The offence is punishable by a fine of upto £1000.
So what about the legal right for farmers to shoot dogs?
Well, and this could well just be semantics, but the act usually quoted as granting a “legal right” for shooting dogs is the Animals Act 1971. I am not so sure it gives a legal right, but it does give a legal defence – in other words (and remember I am not a lawyer!), the farmer has to prove he acted within the act (whereas a legal right implies proving he didn’t). Here is the relevant part of the act:
9. (1) In any civil proceedings against a person (… referred to as the defendant) for killing or causing injury to a dog it shall be a defence to prove:
(a) that the defendant acted for the protection of any livestock and was a person entitled to act for the protection of that livestock
(b) that within forty-eight hours of the killing or injury notice thereof was given by the defendant to the officer in charge of a police station.
(2) (this clause explains who is entitled to act for the protection of any livestock)
(3) Subject to subsection (4) of this section, a person killing or causing injury to a dog shall be deemed for the purposes of this section to act for the protection of any livestock if, and only if, either:
(a) the dog is worrying or is about to worry the livestock and there are no other reasonable means of ending or preventing the worrying; or
(b) the dog has been worrying livestock, has not left the vicinity and is not under the control of any person and there are no practical means of ascertaining to whom it belongs.
Extract from the Animals Act 1971
Note the words defendant!
Ultimately it doesn’t matter if it is a legal right or a legal defense – the bottom line is that a farmer will not be prosecuted for shooting your dog – provided “there are no other reasonable means of ending or preventing the worrying”.
The same act also states that if your dog causes damage by killing or injuring livestock, the owner (or keeper) is liable for the damage.
Consequences to farmers
NFU Mutual insurers have said that the estimated cost of attacks on sheep was £900,000 a year – this is likely to be higher as some farmers do not have cover for livestock worrying or attacks. Personally I would be surprised if these figures include costs of abortions and lambs dying prematurely indirectly caused by dogs worrying sheep. Lambing is the main harvest for a sheep farmer, and the lambing season influences on average two-thirds of the farm’s annual income.
Dog owners may view their pet chasing sheep as a minor incident – but it has major consequences for animal welfare and farmers’ livelihoods.
The Southern Daily Echo reported last year that dog attacks cost the industry more than £2m a year (again I doubt this includes indirect losses) and as dog worrying seems to on the increase, things are only going to get worse for farmers unless dog owners take action to prevent it from happening.
So what can dog owners do?
The RSPCA are collaborating with the National Sheep Association and National Farmers’ Union to distribute signs and posters to help educate dog owners to keep their dogs on leads near livestock.
Keeping your dog on a lead will clearly stop your dog from chasing sheep, and is definately a must for any dog owner near livestock, but I am still concerned about the impact of walking through lambing fields (and land) with my dog.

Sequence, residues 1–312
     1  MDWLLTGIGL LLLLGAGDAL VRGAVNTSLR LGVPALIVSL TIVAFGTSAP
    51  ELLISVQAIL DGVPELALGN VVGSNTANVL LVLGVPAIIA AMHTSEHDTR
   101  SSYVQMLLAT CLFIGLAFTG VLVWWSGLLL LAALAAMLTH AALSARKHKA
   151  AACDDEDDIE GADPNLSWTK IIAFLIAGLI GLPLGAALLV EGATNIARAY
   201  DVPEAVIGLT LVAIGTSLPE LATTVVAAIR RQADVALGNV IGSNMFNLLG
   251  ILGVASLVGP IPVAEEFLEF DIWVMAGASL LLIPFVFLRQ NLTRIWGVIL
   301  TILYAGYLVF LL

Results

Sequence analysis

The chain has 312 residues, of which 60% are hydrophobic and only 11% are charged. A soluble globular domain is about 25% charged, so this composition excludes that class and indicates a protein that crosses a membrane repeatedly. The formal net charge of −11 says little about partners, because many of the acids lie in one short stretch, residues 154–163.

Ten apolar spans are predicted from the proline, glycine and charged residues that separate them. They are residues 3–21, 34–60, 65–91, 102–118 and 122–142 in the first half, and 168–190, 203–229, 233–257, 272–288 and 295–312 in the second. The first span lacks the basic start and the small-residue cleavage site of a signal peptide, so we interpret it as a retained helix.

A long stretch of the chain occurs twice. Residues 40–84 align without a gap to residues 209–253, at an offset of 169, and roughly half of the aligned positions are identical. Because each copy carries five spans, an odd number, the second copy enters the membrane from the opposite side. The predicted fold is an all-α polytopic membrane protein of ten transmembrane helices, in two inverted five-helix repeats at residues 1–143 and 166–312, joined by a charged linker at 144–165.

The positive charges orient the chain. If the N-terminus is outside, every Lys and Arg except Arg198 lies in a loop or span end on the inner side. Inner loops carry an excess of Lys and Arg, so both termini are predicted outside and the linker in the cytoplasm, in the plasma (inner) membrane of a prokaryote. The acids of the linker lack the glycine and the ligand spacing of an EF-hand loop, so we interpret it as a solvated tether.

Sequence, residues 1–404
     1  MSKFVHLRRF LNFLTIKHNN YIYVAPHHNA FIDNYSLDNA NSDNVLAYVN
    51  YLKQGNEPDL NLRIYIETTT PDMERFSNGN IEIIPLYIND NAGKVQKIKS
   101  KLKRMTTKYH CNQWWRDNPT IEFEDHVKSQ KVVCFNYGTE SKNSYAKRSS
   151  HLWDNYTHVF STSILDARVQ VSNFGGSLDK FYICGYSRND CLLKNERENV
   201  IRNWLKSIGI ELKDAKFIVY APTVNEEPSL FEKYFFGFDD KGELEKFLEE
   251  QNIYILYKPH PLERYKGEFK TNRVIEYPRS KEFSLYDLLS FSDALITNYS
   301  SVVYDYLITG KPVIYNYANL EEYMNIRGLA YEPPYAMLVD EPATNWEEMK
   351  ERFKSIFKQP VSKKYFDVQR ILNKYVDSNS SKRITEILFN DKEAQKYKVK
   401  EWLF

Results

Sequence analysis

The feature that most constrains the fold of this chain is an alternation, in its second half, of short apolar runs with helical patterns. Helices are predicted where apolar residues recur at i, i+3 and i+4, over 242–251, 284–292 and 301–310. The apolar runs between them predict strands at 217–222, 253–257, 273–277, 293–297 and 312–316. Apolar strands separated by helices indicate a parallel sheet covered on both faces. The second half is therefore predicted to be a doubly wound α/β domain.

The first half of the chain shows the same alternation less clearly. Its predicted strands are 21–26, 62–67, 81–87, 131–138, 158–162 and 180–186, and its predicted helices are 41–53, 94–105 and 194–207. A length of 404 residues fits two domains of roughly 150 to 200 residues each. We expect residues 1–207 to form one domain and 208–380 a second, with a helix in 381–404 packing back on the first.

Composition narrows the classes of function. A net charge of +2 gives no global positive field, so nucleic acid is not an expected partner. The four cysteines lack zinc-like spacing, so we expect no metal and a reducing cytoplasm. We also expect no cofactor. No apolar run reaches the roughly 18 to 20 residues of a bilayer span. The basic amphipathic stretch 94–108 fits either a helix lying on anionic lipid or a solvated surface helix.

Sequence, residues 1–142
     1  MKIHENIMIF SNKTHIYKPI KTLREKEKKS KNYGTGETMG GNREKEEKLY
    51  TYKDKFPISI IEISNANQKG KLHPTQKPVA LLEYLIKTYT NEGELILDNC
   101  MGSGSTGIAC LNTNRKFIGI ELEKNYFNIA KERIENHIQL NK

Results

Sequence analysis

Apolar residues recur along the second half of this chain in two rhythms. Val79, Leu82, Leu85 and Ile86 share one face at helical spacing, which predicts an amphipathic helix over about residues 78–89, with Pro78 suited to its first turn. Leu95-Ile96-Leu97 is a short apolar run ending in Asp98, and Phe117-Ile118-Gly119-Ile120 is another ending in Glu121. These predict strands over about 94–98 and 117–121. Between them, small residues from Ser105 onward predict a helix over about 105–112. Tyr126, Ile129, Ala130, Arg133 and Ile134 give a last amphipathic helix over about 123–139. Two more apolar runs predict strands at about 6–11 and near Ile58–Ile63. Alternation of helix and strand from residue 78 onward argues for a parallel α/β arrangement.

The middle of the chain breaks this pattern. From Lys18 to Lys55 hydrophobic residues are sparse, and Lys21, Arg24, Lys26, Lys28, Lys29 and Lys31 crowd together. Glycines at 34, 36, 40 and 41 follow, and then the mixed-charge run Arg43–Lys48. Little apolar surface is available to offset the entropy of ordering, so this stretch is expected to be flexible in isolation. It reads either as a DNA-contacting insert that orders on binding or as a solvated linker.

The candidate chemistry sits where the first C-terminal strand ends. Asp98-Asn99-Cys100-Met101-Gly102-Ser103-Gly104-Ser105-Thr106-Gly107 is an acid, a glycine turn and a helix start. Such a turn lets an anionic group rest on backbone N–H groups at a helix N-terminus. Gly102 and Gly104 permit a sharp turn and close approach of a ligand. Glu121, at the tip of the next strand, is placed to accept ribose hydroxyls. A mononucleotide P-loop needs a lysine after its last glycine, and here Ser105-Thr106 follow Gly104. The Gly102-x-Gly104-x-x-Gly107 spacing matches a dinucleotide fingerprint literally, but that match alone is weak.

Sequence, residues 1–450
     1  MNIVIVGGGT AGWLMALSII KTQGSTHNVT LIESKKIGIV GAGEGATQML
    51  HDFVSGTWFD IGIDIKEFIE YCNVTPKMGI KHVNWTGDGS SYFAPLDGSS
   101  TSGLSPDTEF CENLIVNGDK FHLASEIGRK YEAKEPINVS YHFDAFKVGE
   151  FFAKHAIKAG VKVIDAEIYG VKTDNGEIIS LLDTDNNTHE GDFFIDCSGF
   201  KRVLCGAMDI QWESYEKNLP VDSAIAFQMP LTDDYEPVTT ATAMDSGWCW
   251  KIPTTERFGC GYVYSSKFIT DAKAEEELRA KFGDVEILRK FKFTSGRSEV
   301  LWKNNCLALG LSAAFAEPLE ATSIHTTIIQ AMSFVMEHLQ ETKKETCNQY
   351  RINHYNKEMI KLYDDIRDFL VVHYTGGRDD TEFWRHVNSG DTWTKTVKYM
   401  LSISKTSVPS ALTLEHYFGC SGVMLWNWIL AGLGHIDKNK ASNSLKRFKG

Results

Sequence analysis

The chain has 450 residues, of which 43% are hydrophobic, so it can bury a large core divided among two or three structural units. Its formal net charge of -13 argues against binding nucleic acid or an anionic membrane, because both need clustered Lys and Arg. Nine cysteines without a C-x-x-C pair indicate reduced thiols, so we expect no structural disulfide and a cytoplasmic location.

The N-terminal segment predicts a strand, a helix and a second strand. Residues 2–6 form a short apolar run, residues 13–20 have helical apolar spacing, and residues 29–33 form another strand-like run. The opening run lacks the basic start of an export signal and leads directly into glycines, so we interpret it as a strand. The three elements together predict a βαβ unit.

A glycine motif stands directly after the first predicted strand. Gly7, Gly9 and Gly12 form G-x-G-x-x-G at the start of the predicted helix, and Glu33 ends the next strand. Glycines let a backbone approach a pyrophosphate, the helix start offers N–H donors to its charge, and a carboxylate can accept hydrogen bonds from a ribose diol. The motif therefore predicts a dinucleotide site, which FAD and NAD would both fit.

A few people have said to me: “well if the farmers are so worried about sheep worrying during lambing, they shouldn’t put sheep in fields with footpaths”. I have no sympathy for this argument – firstly as a lot of footpaths originated from the routes farm hands walked to work from villages, most farms are a hub of footpaths out to the surrounding villages. It wouldn’t surprise me if there are farms where every single field has at least one footpath in. Secondly this argument is not practical for open grazing spaces like most of our National Parks.
Likewise I don’t think the argument “dog owners should stay clear of lambing fields” is practical either, especially when trying to follow a National Trail, unless you want to let dog walkers wander freely across farmland trying to find an alternative route!
I would like to thank Sally, who has an excellent blog “Rural Diaries – live the country life, love the countryside and learn about rural issues”, who finally put me at ease with the following advice:
Keeping the dog on a short lead is fine but try to also keep it calm, a dog panting, barking and straining at the lead can be stressful for sheep, particularly when they are lambing or have lambs at foot.
Like any animal that has a flight instinct in the presence of danger, if you are walking toward a sheep or lambs slow down and give them time and room to flee.
Be aware of clumps of reeds, small dips in the landscape, beside walls or fence posts, as young lambs will often be left in or near shelter while the mother grazes, so it’s easy to walk through a clump of reeds to suddnly come across two little trembling bodies. Just try to walk around anything that could be hiding lambs.
That is really all you need to do to be a thoughtful dog owner and minimise the impact on livestock.
I followed this advice on my last walk when I went through quite a few sheep fields in Northamptonshire. Although the lambs are a little older, I am pleased to report that, by keeping the dog calm and giving the sheep and lambs a chance to move away, there was very little disturbance to the sheep. In fact in one field, the sheep actually started coming up to us!
If you have any comments about sheep worrying, any corrections of my dodgy legal interpretations, or want to share your experiences, please feel free to comment below.